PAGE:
I don’t recall other first days of the school like I remember my first day of college. Graduating from high school at 17, to enter college two months before my 18th birthday did not worry me. Categorizing me as smart, and noting I made friends with little effort did not help me on my first day as a college student. My anxiety level was so high, I sobbed before leaving my house. I had no clue then, but I had a full-blown panic attack. After a pep talk from my sister, I got it together and made my way to school. I made it through my first semester with a B-average. However, I did not return to college for another three years.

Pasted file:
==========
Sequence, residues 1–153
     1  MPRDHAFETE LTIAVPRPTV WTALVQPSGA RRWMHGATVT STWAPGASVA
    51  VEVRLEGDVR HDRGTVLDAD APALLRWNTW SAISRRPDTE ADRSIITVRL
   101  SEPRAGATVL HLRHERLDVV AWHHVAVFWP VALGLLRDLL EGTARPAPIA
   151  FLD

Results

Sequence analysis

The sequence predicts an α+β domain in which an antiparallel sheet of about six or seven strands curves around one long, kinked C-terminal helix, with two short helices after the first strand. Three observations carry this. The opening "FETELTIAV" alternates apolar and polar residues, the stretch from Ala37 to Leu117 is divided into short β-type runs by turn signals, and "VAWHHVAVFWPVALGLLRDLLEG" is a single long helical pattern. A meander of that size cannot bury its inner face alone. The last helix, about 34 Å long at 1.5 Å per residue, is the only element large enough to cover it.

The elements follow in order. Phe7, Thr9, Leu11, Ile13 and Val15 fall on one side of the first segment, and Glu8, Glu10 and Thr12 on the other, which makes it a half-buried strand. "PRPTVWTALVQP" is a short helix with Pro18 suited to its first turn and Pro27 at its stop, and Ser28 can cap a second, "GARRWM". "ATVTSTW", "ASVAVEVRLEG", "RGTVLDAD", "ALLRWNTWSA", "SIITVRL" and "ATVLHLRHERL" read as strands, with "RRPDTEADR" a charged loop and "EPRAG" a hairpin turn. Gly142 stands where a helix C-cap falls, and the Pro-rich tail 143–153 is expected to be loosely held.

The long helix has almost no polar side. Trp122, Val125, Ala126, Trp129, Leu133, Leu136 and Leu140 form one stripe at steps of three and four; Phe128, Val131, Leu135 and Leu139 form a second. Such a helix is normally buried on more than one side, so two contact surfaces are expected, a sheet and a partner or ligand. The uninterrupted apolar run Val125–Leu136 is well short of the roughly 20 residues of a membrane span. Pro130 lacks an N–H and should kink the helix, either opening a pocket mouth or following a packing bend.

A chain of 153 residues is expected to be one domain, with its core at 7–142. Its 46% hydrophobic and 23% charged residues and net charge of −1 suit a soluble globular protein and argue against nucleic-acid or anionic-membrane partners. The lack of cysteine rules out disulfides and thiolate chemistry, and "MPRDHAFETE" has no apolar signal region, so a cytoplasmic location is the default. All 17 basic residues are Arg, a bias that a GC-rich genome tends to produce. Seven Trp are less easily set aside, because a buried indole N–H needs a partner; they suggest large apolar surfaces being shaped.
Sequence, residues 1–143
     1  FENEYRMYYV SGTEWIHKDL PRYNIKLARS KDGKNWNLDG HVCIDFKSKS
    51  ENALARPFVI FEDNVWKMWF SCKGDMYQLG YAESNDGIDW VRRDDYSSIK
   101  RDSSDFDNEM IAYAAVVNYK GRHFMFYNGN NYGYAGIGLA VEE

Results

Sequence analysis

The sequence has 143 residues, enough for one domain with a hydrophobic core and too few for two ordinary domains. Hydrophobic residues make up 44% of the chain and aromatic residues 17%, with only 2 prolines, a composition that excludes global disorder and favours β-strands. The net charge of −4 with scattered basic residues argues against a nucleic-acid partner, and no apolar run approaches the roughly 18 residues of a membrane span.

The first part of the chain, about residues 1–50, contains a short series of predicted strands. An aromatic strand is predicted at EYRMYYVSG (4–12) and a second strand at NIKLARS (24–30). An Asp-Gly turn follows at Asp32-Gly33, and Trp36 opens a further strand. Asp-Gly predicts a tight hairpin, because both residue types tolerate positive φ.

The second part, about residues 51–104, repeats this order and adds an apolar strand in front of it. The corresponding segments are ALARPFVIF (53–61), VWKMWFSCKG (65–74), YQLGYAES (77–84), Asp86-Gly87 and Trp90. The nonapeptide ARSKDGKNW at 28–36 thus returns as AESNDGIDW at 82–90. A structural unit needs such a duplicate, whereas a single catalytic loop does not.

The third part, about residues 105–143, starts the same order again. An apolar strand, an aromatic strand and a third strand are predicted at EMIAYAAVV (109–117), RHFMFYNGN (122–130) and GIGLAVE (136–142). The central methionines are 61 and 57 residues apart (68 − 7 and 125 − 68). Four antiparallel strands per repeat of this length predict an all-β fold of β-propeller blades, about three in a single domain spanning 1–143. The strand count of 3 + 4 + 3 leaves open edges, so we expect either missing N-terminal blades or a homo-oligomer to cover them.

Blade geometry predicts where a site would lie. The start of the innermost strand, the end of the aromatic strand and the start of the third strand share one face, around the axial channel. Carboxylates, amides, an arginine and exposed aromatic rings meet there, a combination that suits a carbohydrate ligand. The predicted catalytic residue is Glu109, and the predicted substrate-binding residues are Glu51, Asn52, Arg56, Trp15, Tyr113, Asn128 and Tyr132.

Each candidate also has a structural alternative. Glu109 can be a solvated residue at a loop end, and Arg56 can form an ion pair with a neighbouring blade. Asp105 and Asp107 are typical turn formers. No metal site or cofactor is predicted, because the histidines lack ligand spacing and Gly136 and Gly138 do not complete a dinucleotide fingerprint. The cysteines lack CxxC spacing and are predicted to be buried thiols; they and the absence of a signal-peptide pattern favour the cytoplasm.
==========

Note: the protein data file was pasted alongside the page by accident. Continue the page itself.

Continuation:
My happiest memories as a three-year-old was the birth of my youngest brother, and the tingle I within my spirit as I danced. I still sense the tickle around my heart as I remember anticipating the experiences this delicate being would add to my life. Dancing incited my physical self-awareness. I know my scattered improvisations were absurd. But I felt good stomping, spinning and flailing my limbs to the rhythm. I now experience the same rush as my body responds to music. I think I developed better coordination. While both events are different, each one reminds me, moments are temporary, but the impact can last forever. I was in my late thirties when a psychiatrist was gauging my ability to return home after a short stay in a Behavioral Unit. She helped me recognize what is necessary to create the dynamics that allowed a flow I found favorable, where I kept the pace. Our conversation included self-esteem, confidence, safety, and what I later learned to be a Locus of Control. During her explanation for each of those topics, she mentioned personal-boundaries every time.